NEW YORK — More than a decade has passed since the last Matchbox Twenty album, so, fans can be forgiven for thinking it was the end of the line. That's what Matchbox Twenty was thinking, too.
“We had pretty much come to terms that we didn’t think we’re ever going to make another record. We thought ‘North’ was the last record. Maybe we’d tour every few years, put out a song or two and kind of that’ll just be it,” says singer-songwriter Rob Thomas.
So fans can thank guitarist-keyboardist Kyle Cook for “Where the Light Goes,” the band's 12-track album of new music — the first since 2012 — out this Friday. Cook floated the idea of giving fans who had waited through the pandemic a full album of fresh tunes.
As the album's songs started coalescing, Thomas realized that they were on the sunny side, with nods to the '80s throughout, like Peter Gabriel, T’Pau, Go West and Level 42. It was turning out to be a post-pandemic record, one of exuberance.
“We weren’t making a downer record. We weren’t making a pandemic record, and we weren’t making a cynical record,” he says. “This was a record about joy and optimism.”
From the opening song “Friends” — a bubbly, sing-along celebration — to the soaring, romantic “One Hit Love,” “Where the Light Goes” is a sunny collection from a band Thomas jokes “almost invented '90s manufactured angst.”
The album's second song, “Rebels,” nods to that change, with Thomas looking back at a younger man's fire. “When you get angry with yourself/You blame the rebel that you sold out/Let go and be yourself right now."
Thomas, whose signature growl fueled such hits as “Push” and “3AM,” explains that he's gotten to the point in his life when it's OK to pass the torch, that he doesn't always need to be raging or worried that he sold out.
“I posit that that rebel inside of you is tired,” he says, laughing. “He’s raged on against the dying of the light, and now he would just maybe blog about it. Dude, you’ll be fine.”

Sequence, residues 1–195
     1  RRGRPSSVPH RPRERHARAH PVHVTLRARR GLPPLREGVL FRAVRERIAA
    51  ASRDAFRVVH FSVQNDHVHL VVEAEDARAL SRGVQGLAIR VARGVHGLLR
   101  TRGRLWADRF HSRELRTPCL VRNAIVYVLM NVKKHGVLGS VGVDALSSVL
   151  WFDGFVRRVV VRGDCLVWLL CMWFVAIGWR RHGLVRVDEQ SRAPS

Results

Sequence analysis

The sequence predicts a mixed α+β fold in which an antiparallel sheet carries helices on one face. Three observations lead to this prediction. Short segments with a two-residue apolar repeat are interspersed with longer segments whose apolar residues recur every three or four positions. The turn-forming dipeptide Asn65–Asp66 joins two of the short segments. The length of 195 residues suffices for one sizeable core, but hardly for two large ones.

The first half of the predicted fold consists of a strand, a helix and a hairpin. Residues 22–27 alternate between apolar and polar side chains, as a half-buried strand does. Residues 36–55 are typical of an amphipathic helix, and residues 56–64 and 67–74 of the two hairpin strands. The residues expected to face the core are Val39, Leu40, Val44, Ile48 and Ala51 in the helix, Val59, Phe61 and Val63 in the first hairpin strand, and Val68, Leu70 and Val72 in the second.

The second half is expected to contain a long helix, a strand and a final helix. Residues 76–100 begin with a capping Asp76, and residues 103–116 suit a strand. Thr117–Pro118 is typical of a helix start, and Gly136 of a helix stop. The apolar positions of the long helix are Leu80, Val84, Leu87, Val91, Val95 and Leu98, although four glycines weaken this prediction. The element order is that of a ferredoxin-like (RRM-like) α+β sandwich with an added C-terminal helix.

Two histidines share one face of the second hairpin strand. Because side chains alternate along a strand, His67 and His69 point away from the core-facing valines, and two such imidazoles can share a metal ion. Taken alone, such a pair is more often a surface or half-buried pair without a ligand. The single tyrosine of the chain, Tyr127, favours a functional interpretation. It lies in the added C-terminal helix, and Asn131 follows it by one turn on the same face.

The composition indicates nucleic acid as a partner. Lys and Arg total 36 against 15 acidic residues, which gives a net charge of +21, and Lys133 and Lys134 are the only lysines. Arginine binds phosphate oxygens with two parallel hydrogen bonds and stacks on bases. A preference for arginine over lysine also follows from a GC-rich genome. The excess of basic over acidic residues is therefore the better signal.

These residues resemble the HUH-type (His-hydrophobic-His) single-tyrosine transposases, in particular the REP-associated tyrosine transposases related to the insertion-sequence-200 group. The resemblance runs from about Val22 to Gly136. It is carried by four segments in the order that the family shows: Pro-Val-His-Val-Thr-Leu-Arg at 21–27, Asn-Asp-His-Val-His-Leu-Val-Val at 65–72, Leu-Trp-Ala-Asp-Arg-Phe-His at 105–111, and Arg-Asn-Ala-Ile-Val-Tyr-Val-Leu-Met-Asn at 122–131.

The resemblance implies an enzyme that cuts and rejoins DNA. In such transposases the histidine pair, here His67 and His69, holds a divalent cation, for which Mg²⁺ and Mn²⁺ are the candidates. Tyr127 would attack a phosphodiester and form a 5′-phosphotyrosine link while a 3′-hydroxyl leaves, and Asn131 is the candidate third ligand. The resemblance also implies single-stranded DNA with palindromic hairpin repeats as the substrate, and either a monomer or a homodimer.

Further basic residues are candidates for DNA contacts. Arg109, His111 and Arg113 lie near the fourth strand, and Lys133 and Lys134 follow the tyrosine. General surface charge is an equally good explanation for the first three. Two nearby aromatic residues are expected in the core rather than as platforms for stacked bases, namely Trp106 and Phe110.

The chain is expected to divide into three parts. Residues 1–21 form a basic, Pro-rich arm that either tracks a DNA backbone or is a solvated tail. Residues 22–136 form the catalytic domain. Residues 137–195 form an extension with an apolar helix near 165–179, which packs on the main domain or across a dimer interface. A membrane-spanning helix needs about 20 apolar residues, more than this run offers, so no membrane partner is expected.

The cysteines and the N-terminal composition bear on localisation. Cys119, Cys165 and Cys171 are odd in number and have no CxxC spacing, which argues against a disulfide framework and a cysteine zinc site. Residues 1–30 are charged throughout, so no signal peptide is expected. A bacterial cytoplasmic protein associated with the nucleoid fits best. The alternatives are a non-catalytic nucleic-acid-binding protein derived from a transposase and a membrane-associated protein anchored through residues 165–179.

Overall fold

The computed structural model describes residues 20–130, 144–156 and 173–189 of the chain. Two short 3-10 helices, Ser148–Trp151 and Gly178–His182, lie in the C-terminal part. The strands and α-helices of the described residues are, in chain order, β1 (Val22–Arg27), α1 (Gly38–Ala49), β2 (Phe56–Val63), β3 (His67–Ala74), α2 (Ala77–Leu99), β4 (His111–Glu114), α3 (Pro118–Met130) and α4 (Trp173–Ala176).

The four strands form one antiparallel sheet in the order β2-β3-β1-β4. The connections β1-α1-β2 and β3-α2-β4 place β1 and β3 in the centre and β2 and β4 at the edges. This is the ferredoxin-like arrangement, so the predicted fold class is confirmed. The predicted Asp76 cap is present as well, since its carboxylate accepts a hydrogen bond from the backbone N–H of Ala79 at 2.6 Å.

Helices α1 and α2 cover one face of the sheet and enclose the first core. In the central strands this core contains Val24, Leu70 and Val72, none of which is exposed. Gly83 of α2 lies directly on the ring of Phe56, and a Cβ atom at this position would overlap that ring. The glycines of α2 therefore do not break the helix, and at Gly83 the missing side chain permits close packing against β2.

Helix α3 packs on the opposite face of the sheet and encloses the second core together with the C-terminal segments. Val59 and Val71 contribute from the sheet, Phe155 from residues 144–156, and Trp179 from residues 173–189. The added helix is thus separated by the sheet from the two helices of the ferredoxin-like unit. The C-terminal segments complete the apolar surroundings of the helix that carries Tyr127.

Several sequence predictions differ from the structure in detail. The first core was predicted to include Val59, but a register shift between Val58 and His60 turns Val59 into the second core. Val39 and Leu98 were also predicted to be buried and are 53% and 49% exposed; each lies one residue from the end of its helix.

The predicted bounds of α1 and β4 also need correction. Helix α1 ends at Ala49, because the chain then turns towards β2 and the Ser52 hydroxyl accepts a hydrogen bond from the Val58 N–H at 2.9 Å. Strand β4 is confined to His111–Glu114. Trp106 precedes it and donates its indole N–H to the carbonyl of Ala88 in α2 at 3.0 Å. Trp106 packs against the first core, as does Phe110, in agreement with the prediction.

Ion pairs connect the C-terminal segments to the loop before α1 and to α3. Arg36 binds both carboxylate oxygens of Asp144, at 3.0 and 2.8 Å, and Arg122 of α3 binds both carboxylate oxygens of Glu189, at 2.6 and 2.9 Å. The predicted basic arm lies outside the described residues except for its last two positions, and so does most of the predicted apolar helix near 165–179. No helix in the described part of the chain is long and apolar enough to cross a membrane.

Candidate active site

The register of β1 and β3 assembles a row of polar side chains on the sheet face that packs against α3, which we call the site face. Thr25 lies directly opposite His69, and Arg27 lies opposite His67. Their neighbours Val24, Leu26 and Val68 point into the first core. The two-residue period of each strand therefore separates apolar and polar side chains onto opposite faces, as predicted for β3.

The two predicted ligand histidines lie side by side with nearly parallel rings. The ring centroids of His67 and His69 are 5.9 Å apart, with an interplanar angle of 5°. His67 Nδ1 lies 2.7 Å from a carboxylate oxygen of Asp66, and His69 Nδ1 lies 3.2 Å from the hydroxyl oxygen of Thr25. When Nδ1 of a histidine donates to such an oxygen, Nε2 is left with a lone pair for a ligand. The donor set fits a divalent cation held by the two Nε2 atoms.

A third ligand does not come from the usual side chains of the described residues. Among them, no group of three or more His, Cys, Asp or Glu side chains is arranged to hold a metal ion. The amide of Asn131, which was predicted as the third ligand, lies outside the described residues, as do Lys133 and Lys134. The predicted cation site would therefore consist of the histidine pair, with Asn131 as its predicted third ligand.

The reunited Matchbox Twenty has also lost some of the internal spikiness of the past, adding a more collaborative feel. “Nobody’s precious anymore and nobody is quick to anger anymore,” Thomas says.
“When you’re in your 20s, everything feels like a slight. You want real estate on that record and you want your ideas heard and you want people to hear your point of view.” Now, he says: “I don’t think anybody should die with their best songs in their pocket. So if you’ve got it, you should show it.”
One of the first songs they worked on was the title tune by Thomas, something he'd been thinking about for a solo album. He sent a version to multi-instrumentalist Paul Doucette, who added his parts and then sent it to Cook.
“When it got back to me, my first thought was, ‘Man, this sounds like Matchbox Twenty,’” Thomas says. "I know what I sound like. But once their DNA gets into this song, it sounds like Matchbox Twenty. I was just like, ‘I get it now. Like, I understand.’ No matter what I do, if I want a Matchbox Twenty sound, I have to do it with Matchbox Twenty.”
During their time away from the band, Thomas released five solo albums, winning three Grammy Awards, and Doucette scored and contributed original music to film and television series like “Utopia” and “For All Mankind.”
They leaned on technology as they started working together again since Thomas was in upstate New York, bassist Brian Yale was in Miami, Doucette was in Los Angeles and Cook was in Nashville. They'd work at their various home on songs and then meet to record once they had enough.
Pete Ganbarg, president of A&R for Atlantic Records, who has been working with Thomas since he teamed up with Santana on the massive hit “Smooth,” says the band members feel comfortable in their own skin.
“It’s a lot of fun to watch them in the studio now, a couple of decades later, because they all understand who they are and they work with that very naturally,” he says. “This is a band that’s been around since 1995. How many bands like that are still making records close to 30 years later?”
One thing that hasn't changed is that the band remains cheeky when it comes to album covers. Members of Matchbox Twenty have a tendency of not being fully shown — either they're covering their faces, languishing in the distance or not there at all. “Where the Light Goes” continues the tradition, with the quartet's likeness distorted beyond recognition.
“Nobody wants to see four 50-year-old guys,” says Thomas. “There’s no packaging in the world that's like ‘You know what’s going to make this sell better? Four 50-year-old guys standing in front of a camera.'”